Respecting your commitment to keep our responses to be "conducted with respect for integrity and person", I will pass all these attributes to my post on the clip (vehemence, violence, etc) and I will confine myself to the substance of your reply.
I am sorry that you took umbrage at my comments. I took what I thought was great care to avoid offence while still expressing profound disagreement with your viewpoint.
I have long enjoyed Jacques Loussier's "swung Bach" along with the Swingle Singers, and recordings of Stephane Grappelli and Yehudi Menuhin in similar vein. I fail to understand why their "arrangements" are acceptable but the musician's in the clip is not.
I also find the distinction you draw between dance rhythms unfathomable. Surely a dance rhythm is a dance rhythm? Why is it hallowed in Bach but denigrated in later music? Your definition of what constitutes good and bad dance rhythms would be interesting.
Unless, of course, and this is the real point isn't it? - unless it comes under the heading "Pop". To concede the validity of a jazz arrangement but not one in contemporary popular music, smacks of prejudice: judgement in the absence of reason. How one variation can be so acceptable and another condemned so vehemently because it crosses some kind of line between one kind of music and another seems wholly disproportionate to me.
We are dealing with styles of music here, not Holy Writ versus Heresy. This seems to be the position you take and defend. However does enjoyment merit condemnation in this field?
Vic, Jacques Loussier is a master of Piano and a great musician himself. Besides, the musicians, he choose to work with him, are some of the very musical and accomplished in the jazz field. So, what he is doing with his arrangements is of absolute musical beauty, harmony and respect to the original. Thirdly, his arrangements do not "mess around" with the original; they are different works in the jazz idiom. So, by listening to the actual final work of Loussier, you don't have to "compare" or think all the time of the original, as is the case with the clip in question. The same applies to the wonderful Swingle Singers (an amazingly musical vocal ensemble) or the King's Singers and some other groups or soloists.
As for the dances, I said clearly that Bach used the dances of His time, as many composers, if not all, did: Mozart, Haydn, Beethoven, etc (just to mention the famous "minuet" or the Polonaise and so on), Brahms, Liszt (Hungarian Dances), Bartok (national thythms and songs), Shostakovich (russian and hebrew songs and dances). The difference is not with the dances rhythms themselves (whether they are good or bad), but how the composer transforms them into his music and transcends them into classical art. So, I don't have problem with the rhythm, but with the actual use (or, in this case, misuse) of the Bach's work and the actual final product of the clip, which, neither enhances the beauty or the importance of the original (respect to the original) nor projects something new or quite musical or even artistically interest. Of course, as a visual virtual trick, it may work as creative video entertainment, but I cannot see any musical interest. If, however, the artist feels secure with his musicianship, let him go in public and show what he can really do as a performer and as a composer.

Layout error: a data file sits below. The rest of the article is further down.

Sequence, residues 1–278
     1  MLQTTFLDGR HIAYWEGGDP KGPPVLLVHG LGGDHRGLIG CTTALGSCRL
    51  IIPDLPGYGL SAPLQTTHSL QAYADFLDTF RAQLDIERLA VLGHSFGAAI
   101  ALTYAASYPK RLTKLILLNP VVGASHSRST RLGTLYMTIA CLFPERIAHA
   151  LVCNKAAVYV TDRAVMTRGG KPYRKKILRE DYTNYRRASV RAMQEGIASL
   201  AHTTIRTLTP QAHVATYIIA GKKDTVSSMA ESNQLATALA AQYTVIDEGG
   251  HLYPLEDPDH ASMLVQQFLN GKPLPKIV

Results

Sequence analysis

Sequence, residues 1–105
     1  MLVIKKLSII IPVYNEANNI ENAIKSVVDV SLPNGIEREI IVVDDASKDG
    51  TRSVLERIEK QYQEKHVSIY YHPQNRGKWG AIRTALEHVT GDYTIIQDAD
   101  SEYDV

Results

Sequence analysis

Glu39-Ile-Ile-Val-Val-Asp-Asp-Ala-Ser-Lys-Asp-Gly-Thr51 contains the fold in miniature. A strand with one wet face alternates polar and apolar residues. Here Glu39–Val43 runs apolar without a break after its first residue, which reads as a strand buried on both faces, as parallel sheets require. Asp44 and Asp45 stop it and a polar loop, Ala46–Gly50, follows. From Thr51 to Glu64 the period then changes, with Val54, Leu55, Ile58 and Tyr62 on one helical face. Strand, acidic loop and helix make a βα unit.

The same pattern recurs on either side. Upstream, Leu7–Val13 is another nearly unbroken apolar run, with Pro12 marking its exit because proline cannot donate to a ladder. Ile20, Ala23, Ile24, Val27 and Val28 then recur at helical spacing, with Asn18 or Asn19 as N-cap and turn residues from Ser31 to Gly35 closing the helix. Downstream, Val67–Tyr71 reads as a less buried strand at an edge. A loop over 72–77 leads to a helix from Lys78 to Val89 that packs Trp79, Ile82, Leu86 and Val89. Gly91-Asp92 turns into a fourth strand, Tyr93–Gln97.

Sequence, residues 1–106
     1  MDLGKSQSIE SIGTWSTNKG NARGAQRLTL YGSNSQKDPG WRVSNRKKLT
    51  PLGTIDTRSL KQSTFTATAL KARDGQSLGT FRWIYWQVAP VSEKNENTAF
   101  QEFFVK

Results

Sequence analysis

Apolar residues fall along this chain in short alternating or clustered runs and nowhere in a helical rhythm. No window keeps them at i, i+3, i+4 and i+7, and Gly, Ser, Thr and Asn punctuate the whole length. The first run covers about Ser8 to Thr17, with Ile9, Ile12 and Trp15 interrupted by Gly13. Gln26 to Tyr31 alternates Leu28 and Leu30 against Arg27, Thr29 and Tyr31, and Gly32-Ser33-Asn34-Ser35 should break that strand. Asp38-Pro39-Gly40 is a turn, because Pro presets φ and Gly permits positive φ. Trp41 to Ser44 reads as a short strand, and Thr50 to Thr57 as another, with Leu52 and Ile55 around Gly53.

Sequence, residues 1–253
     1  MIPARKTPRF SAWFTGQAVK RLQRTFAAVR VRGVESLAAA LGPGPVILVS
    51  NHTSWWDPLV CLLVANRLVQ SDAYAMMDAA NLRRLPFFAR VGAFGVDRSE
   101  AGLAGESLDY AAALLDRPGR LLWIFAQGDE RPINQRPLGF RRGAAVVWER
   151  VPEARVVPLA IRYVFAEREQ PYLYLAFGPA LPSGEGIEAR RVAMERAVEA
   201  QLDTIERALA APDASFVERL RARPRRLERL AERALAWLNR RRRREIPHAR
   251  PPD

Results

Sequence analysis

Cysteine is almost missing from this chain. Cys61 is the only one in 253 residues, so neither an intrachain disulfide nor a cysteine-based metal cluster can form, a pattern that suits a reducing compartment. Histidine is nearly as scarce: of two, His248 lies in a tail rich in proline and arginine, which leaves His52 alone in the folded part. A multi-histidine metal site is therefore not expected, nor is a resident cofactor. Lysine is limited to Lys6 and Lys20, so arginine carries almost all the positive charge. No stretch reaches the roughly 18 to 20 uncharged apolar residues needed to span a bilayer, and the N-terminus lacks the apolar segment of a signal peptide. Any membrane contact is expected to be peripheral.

So, there is nothing wrong because of the style, necessarily, but because of the treatment of the music. Once more, this is not a Variation of or on the original. According to the artist (or the auteur), it's a composition of his own called "Song" (whatever it means), by using the theme of the Prelude of the first Suite of Bach. There is nothing about Heresy and the Holy Writ. Besides, personally, I didn't enjoy it! If, obviously, you enjoy it, of course, there is no room for condemnation from your part.
Anyway, I hope, after all this "promotion" with a thread of nearly 100 posts, the artist and his clip may find some place outside Youtube.
So, there is nothing wrong because of the style, necessarily, but because of the treatment of the music. Once more, this is not a Variation of or on the original.
Thank you Parla.
Let us settle on this:
The musicianship of Jacques Loussier and the cellist in the clip is not the issue here.
Quote: So, by listening to the actual final work of Loussier, you don't have to
"compare" or think all the time of the original, as is the case with
the clip in question.
But when I listen to both Jacques Loussier and the YouTube clip I hear Bach's original. I hear it. It is not there in one and not in the other because one is jazz and one is pop, is it?
Quote: The difference is not with the dances rhythms themselves (whether they are good or bad), but how the composer transforms them into his music and transcends them into classical art.